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How to Treat Your Job Like a Consulting Gig

Do you dread getting up for work in the morning? Are you tired of the meetings that could have been an email and the email thread that could have been a five-minute phone call, or maybe the person that stops by your desk when you are in the office and feels the need to explain every detail of their weekend as you are trying to get through a boatload of work? Maybe it's the lack of organization within the organization or your team being understaffed, and you are performing the role of two to three people instead of one. It can become overwhelming, right?

Have you ever daydreamed about owning your own business? Have you ever thought to yourself, "I have brilliant ideas and a wealth of experience, and I could be offering this for a fee?" Do you feel your voice isn't being heard in the workplace, or do you keep getting overlooked for promotions? Has your career become a never-ending Ground Hog's Day?

Well, it's time for a fresh start. The truth is that running a business is hard work, and it takes a lot of time. Although many think you create your own hours as an entrepreneur, if your pay is limited to your available time and you do not have multiple revenue streams, you can indeed find yourself working more hours than you would in having a 9-5. When you become an entrepreneur, until you build the wealth to afford capacity, you wear the hat of every department in your company. You are the Marketing, PR, Communications, HR, Finance, Operations, and Training department. Imagine juggling all of those hats. The juggling act is cumbersome. However, it is possible, but entrepreneurship is not for everybody.

Before jumping into entrepreneurship, leverage your current job as an opportunity to learn as much as you can and take advantage of every learning opportunity that will lend to your expertise in the field of consulting that you may want to pursue. Stop looking at your peers as competition and start viewing them as allies. You spend more than 8hrs per day with them over 200 days per year in most cases. GET TO KNOW THEIR STRENGTHS! These same peers could be people that you leverage down the road for capacity in future consulting projects that you may land. When you look at your daily work tasks as projects and your organization as your support staff of consultants, it can help you start thinking more like an entrepreneur.

I've always found it humorous that in Corporate America, leadership may tell their organization to "Own Their Business." However, how is that possible if one has genuinely never owned and operated a business and isn't supported with entrepreneurial-minded training in the workplace? Newsflash, most companies aren't going to teach you that because most managers or executives in the company have never owned a business.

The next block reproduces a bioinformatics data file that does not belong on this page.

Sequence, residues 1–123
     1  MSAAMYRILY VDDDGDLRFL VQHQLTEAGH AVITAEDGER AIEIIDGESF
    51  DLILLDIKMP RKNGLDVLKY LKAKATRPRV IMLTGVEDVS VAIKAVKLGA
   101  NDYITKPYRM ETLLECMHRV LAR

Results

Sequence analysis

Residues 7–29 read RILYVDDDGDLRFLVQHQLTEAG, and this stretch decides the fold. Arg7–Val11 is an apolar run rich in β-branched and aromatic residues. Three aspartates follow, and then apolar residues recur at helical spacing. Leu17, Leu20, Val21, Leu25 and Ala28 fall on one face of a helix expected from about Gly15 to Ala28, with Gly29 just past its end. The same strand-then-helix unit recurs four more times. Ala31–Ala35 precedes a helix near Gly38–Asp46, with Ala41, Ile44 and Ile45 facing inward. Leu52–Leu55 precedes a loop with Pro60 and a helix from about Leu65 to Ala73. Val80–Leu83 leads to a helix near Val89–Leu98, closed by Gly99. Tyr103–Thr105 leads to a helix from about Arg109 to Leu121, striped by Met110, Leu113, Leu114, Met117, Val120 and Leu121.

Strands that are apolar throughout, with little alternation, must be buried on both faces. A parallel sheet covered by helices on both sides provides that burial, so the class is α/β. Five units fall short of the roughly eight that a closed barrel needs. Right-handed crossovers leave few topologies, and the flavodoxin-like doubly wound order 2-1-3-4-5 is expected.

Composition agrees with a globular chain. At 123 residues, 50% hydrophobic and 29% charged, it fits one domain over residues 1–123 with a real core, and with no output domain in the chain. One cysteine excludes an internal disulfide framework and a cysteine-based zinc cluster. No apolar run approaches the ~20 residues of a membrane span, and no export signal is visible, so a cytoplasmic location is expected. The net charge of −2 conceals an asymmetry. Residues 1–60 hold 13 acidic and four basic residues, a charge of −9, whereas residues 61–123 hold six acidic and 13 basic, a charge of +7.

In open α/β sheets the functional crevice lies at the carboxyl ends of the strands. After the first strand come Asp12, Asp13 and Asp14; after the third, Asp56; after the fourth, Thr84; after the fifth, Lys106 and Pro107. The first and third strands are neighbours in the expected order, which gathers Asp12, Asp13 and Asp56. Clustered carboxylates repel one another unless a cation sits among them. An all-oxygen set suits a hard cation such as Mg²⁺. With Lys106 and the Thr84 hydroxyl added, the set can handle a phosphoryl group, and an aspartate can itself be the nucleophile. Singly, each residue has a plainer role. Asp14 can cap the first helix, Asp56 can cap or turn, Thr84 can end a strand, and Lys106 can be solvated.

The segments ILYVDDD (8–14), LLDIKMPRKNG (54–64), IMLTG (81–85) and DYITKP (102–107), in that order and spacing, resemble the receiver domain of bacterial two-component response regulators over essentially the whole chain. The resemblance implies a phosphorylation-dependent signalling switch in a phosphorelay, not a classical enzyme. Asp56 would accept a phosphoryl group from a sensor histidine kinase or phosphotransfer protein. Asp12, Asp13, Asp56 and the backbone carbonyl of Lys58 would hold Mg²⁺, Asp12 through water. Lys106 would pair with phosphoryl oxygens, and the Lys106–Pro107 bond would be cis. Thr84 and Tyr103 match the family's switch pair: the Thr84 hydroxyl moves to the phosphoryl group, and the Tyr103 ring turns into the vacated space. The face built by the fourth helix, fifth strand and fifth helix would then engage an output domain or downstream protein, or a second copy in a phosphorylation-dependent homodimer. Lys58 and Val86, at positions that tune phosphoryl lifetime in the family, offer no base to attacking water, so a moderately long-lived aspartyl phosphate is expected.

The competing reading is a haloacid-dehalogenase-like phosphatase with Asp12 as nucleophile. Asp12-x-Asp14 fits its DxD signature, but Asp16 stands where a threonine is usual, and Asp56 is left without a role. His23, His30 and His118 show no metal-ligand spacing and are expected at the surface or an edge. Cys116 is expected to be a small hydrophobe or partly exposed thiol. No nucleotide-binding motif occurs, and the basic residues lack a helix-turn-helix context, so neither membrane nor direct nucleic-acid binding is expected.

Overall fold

You, as an individual, have to OWN YOUR DEVELOPMENT in regards to understanding what it means to "Own Your Business." Therefore, using your free time to enhance the skills you find most valuable as a subject matter expert is critical. Reading books and taking courses that contribute to continuous development is vital. Taking advantage of free resources from the SBA and SCORE around understanding entrepreneurship will assist in your ability to start understanding what it really takes to run a business. Research people in your industry that you aspire to be like and watch how they do what they do. Learn from what they share and start to develop your own way of doing things. Also, start thinking about how you want to be viewed by the public as a subject matter expert, as this will be the foundation to developing your professional brand.

Taking the time to research your organization and its people will challenge you to enhance your communication skills and start formulating the types of client personalities you prefer working with. Having a high level of self-awareness and the ability to understand others will only work to your benefit when developing your service offerings and understanding the market's needs as a consultant.

Therefore, when you head to work tomorrow, think about all of the people, material, and educational resources at your fingertips instead of the workload. Whether working for yourself or a company, the workload is always part of the program. Looking at the resources in your workplace as assets will shift your mindset in understanding how to maximize your skills best. How will you challenge yourself to start looking at your current role from the lens of a consultant?

If you would like help developing your consulting brand and business while navigating your professional career, inbox us or book here:

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